High cholesterol and high blood pressure

A poor diet can also cause the child to develop one or both of these conditions. These factors can contribute to the formation of plaques in the arteries, which can cause arteries to narrow and harden, possibly leading to a heart attack or stroke later in life.

Joint pain: 

Extra weight makes your knees and hips carry extra stress. Subsequently obese children can have pain and sometimes injuries in the hips, knees and back. 

Breathing problems

Asthma commonly happens in children who are overweight. These children are also more likely to develop obstructive sleep apnea, a potentially serious disorder in which a child can repeatedly stop and start during sleep. Where asthma is a chronic inflammation of the lungs airway. Obesity is the most common comorbidity with asthma here obesity is also a risk factor for more severe asthma in some but not all, people with obesity. 

Childhood Obesity
Prevention of Childhood Obesity

Nonalcoholic fatty liver disease (NAFLD): 

This disease which usually causes no symptoms causes fatty deposits to build up in the liver. NAFLD can also cause scarring and liver damage. 

Sleep disorder: 

Kids and teen age people who are having obesity may also suffer from sleep disorders, such as excessive snoring and sleep apnea. Extra weight in the neck area can also block their airways.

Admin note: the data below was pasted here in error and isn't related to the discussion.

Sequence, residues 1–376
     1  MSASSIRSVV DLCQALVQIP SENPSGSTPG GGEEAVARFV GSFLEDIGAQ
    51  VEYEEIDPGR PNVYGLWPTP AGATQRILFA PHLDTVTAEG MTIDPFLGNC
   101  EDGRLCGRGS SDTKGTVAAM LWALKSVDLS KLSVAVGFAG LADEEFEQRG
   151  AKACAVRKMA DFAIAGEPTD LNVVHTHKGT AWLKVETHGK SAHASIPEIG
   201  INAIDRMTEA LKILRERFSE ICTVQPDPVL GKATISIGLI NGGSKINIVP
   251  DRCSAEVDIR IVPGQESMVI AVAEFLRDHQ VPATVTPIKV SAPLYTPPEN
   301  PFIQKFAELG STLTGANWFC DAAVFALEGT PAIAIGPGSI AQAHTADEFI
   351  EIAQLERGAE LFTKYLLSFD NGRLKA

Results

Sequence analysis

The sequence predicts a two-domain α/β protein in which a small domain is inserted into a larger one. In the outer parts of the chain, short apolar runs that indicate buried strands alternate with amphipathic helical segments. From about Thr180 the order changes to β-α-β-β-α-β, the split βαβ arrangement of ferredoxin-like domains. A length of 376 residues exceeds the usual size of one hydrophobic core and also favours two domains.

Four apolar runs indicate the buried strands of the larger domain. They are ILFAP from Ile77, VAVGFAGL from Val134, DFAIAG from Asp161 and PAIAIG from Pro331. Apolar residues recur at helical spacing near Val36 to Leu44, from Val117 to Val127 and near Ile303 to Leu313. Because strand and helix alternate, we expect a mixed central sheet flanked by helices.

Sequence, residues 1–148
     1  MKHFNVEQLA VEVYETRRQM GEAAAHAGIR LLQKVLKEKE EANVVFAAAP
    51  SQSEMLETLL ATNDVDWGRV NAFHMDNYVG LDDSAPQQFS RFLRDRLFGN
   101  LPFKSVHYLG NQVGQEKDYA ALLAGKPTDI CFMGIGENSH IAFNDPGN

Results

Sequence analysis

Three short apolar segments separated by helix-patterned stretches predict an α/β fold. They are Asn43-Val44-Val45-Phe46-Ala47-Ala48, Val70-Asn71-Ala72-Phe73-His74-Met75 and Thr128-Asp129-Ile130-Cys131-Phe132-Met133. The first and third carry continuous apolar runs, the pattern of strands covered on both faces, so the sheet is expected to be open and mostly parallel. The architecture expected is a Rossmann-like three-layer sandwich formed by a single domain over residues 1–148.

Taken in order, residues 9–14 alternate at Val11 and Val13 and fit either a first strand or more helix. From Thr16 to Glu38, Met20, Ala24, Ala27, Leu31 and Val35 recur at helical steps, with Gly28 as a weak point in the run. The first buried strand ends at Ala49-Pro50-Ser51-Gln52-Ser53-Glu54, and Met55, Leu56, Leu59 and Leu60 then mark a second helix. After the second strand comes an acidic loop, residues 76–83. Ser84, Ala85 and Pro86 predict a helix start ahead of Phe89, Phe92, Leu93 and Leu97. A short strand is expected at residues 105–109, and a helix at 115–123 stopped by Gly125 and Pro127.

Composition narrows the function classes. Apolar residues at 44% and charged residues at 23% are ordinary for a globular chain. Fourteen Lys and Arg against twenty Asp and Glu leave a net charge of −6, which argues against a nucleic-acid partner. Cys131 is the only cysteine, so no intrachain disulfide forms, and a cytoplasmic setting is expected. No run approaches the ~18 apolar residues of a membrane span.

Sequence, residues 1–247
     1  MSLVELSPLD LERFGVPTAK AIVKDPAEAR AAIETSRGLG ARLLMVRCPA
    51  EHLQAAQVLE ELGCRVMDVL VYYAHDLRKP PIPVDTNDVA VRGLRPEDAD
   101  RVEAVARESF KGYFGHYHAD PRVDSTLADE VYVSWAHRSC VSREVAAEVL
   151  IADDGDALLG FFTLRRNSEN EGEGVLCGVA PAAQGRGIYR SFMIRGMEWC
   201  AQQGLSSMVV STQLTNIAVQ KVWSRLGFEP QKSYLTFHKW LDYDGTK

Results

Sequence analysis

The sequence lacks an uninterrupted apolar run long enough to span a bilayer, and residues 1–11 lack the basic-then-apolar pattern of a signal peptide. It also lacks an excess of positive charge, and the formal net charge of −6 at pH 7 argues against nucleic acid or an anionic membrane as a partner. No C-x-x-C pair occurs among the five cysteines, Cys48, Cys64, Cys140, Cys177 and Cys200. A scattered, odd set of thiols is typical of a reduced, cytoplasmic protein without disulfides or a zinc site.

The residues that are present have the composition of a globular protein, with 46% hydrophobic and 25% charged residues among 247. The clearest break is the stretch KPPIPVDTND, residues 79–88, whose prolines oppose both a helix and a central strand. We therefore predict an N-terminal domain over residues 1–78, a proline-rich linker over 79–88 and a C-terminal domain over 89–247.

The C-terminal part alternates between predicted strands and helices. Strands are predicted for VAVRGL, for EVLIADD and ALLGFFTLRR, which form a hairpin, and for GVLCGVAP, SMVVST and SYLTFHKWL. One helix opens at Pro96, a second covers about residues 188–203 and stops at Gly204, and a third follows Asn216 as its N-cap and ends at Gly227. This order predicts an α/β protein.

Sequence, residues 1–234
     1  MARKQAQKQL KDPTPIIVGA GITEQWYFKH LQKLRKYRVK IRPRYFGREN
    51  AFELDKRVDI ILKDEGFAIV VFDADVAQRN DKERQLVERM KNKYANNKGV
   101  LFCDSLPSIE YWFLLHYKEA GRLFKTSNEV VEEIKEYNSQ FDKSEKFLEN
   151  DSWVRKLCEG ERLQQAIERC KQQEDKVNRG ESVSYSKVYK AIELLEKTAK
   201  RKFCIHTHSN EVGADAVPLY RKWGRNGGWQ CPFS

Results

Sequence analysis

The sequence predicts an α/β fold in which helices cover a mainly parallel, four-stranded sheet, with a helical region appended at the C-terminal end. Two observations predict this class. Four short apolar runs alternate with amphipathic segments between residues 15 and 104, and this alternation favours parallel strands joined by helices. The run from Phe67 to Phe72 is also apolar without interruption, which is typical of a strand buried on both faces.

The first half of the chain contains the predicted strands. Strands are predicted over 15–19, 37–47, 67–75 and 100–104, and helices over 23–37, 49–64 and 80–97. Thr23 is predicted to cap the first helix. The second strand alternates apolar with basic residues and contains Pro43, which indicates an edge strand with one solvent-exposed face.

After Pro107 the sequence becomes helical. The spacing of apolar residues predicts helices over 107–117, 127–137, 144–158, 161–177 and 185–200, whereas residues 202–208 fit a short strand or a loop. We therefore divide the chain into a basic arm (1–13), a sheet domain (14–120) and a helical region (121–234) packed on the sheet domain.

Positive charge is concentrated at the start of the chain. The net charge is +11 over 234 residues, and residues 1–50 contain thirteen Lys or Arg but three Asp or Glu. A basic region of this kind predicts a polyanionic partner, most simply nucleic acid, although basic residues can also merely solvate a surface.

Social and emotional complications:

Children who have more weight may experience teasing or bullying by their peers. This can result in a loss of self-esteem and increased risk of depression and anxiety. 


To help prevent more weight gain in your child, you can:

Set a good example: 

Children learn at home and follow the elders’ routine. Following a  healthy lifestyle with proper diet and regular exercise can impact positively in the children’s mind. Everyone will have good things and no one will feel singled out.

Have healthy snacks available: 

Options which may have air popped popcorn without butter, fruits with low fat yogurt, baby carrots with hummus, or whole grain cereal with low fat milk. 

Offer new foods multiple times

Children don’t accept new foods easily. But you should not get discouraged by the same. It usually takes more exposure to a food to gain acceptance.  

Choose nonfood rewards: 

Discourage rewarding food like candy or ice cream. Instead, buying books, pens or pencils for good behavior is a good idea. 

Be sure the child gets enough sleep: 

Little sleep may increase the risk of obesity. Sleep deprivation can cause the hormonal imbalances that lead to increased appetite. 

Increase physical activity

Increase the child level of physical activity to help them shed weight safely. Playing hopscotch outside for example may be more appealing than jogging around the block. 

More family activities:

Find activities the entire family can enjoy together. This is not only a great way to bond, but it also helps the child learn everything from family. Hiking, swimming, or even playing tag can help the child get active and start on the path to a healthier weight. 

Eat healthy…stay healthy…do physical activities….live long